Take a minute to complain and 25% of the time I’ve known you, you’ve been full of negativity. I can’t imagine a situation where complaining about your job makes you look good. If I’m a candidate, I’m avoiding all opinions about my current employer, good or bad. If I’ve only got four minutes to convince someone I’m worthy, I’m focusing on personality and skill set. One of the most surprising things from the night was the number of developers that didn’t want a job. If I were attending as a dev who had no intention of joining another company… But if I had to I’d be sure to lead off the conversation with that. No time to write more than a word or two about each candidate and a quick little ranking. I would bring a fun overview of my skills and experience with a small profile picture. In my experience, it would have put candidates on another level.
Hacker X boasts Google, Twitter, and Uber as past companies. I hadn’t heard of any of the brands at the event I attended. While first impressions are hard to shake, at least with a real interview you get that chance. A staggering number of candidates spent too long complaining about their current situation. Hacker X provides interviewers with names and contact info for each attendee. But after speaking with tens and tens of candidates, it’s not easy to stand out.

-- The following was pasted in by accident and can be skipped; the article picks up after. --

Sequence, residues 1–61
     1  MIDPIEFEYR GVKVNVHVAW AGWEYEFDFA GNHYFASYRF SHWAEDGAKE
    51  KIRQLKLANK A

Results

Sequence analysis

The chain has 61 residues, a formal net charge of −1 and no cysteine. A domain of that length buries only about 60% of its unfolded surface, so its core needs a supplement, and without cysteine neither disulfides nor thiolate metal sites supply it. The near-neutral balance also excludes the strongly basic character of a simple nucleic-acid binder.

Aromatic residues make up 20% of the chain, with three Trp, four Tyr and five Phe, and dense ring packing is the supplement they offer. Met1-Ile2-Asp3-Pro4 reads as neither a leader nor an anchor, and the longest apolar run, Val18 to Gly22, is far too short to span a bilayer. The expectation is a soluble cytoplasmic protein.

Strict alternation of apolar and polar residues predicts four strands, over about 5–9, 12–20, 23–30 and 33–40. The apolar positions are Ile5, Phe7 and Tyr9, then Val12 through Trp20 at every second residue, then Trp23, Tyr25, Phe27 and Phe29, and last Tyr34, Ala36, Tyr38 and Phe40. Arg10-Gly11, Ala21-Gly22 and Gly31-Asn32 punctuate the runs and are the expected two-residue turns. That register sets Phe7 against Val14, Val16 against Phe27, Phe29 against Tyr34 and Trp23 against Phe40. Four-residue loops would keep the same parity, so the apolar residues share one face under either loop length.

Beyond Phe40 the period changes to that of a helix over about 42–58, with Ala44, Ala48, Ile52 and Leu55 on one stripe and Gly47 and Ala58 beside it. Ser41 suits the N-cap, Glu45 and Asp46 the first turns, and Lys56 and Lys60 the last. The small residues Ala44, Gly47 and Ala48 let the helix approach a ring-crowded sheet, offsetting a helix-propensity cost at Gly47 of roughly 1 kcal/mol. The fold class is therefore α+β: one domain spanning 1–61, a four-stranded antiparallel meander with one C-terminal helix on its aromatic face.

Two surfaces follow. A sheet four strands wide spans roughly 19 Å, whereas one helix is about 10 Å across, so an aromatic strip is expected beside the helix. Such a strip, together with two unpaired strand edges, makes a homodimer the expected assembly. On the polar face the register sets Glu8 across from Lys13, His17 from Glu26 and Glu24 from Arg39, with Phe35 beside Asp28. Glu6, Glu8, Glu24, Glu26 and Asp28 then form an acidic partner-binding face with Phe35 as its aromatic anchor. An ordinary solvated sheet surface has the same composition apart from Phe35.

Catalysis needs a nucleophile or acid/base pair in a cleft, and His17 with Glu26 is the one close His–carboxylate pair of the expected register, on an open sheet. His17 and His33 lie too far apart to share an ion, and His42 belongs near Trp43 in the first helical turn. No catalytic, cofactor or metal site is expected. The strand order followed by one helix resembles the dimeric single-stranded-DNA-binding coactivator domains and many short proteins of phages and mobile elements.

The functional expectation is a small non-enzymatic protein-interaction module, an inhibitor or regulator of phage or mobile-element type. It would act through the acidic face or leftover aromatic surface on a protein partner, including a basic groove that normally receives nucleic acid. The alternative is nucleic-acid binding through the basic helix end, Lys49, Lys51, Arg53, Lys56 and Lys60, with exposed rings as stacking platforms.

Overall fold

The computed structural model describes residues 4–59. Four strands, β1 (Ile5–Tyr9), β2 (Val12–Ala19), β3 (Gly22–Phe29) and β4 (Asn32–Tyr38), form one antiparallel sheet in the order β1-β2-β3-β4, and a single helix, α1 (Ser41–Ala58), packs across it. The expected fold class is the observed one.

For companies, the pitch is that each developer was hand picked by the event coordinators. Our event was for full-stack developers with 5 years experience. Here, first impressions aren’t just important, they’re everything. Why their company was wronging them and how much better they are than that. After all the pleasantries, you’ve got about 240 seconds to impress. But don’t spend precious time convincing me that you’re a victim. The fast-paced nature of the event means there is zero time for reflection.
But what if you end up sitting across the table from the perfect guy or gal?
You don’t want to waste the opportunity on acting like someone else.